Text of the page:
Neo-liberal economic practices and population health: a cross-national analysis, 1980–2004 by Melissa Tracy, Margaret E. Kruka, Christine Harpera and Sandro Galea
Although there has been substantial debate and research concerning the economic impact of neo-liberal practices, there is a paucity of research about the potential relation between neo-liberal economic practices and population health. We assessed the extent to which neo-liberal policies and practices are associated with population health at the national level. We collected data on 119 countries between 1980 and 2004. We measured neo-liberalism using the Fraser Institute’s Economic Freedom of the World (EFW) Index, which gives an overall score as well as a score for each of five different aspects of neo-liberal economic practices: (1) size of government, (2) legal structure and security of property rights, (3) access to sound money, (4) freedom to exchange with foreigners and (5) regulation of credit, labor and business. Our measure of population health was under-five mortality. We controlled for potential mediators (income distribution, social capital and openness of political institutions) and confounders (female literacy, total population, rural population, fertility, gross domestic product per capita and time period). In longitudinal multivariable analyses, we found that the EFW index did not have an effect on child mortality but that two of its components: improved security of property rights and access to sound money were associated with lower under-five mortality (p = 0.017 and p = 0.024, respectively). When stratifying the countries by level of income, less regulation of credit, labor and business was associated with lower under-five mortality in high-income countries (p = 0.001). None of the EFW components were significantly associated with under-five mortality in low-income countries. This analysis suggests that the concept of ‘neo-liberalism’ is not a monolithic entity in its relation to health and that some ‘neo-liberal’ policies are consistent with improved population health. Further work is needed to corroborate or refute these findings.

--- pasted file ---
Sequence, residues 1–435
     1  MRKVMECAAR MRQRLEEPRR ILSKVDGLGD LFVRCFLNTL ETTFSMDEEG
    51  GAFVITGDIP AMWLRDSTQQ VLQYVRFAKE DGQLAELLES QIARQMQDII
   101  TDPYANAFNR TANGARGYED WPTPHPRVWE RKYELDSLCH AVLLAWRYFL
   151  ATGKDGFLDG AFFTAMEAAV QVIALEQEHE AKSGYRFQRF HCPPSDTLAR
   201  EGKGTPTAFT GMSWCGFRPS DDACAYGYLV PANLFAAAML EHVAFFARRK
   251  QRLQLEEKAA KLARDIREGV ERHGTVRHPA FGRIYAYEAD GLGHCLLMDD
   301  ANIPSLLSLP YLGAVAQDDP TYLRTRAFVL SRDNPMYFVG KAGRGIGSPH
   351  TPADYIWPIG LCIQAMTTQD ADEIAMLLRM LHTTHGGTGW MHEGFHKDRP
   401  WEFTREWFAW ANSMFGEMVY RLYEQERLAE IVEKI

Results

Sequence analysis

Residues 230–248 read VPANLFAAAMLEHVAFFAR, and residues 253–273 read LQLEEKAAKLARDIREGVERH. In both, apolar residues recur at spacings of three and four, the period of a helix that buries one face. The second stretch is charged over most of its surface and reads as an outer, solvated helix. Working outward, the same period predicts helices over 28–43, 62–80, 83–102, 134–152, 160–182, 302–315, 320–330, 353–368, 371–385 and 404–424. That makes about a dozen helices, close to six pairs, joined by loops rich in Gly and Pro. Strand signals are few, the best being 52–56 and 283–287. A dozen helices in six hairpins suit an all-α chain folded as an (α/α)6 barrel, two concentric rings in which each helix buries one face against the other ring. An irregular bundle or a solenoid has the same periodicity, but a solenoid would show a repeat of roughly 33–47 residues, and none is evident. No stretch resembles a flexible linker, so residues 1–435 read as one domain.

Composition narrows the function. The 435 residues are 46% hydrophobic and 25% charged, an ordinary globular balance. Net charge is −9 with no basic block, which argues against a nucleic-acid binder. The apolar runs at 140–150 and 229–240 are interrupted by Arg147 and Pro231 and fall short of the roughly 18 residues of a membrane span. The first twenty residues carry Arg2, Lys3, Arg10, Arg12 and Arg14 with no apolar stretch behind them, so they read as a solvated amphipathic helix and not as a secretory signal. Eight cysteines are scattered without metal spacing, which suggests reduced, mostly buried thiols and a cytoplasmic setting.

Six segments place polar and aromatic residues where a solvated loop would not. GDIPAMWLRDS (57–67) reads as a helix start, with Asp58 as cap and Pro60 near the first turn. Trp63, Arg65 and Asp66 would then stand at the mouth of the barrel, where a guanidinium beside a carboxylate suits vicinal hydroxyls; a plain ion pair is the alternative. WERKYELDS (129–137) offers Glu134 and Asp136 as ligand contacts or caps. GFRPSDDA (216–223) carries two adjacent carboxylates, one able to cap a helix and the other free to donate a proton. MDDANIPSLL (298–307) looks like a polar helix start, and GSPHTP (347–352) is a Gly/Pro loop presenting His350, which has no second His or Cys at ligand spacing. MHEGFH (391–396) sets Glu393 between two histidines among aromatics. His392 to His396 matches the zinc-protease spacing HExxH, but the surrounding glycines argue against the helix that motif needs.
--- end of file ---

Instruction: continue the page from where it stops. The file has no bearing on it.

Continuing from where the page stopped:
A reader found interesting the OECD Health Working Paper “The Remuneration of General Practitioners and Specialists in 14 OECD Countries: What Are the Factors Influencing Variations Across Countries?” He wrote
The dogma in USA, or at least what we say is, “we have too many specialists, and that is why costs are too high.” Based on this paper however, that is clearly not the case. My take: 1) ratio irrelevant and specialists may order too many tests in this country, 2) other OECD countries have a high value system with equal or more specialists with a FFS or capitation or salary system, and 3) need for ACOs/bundling, etc. in US, may be misguided–root cause is something else.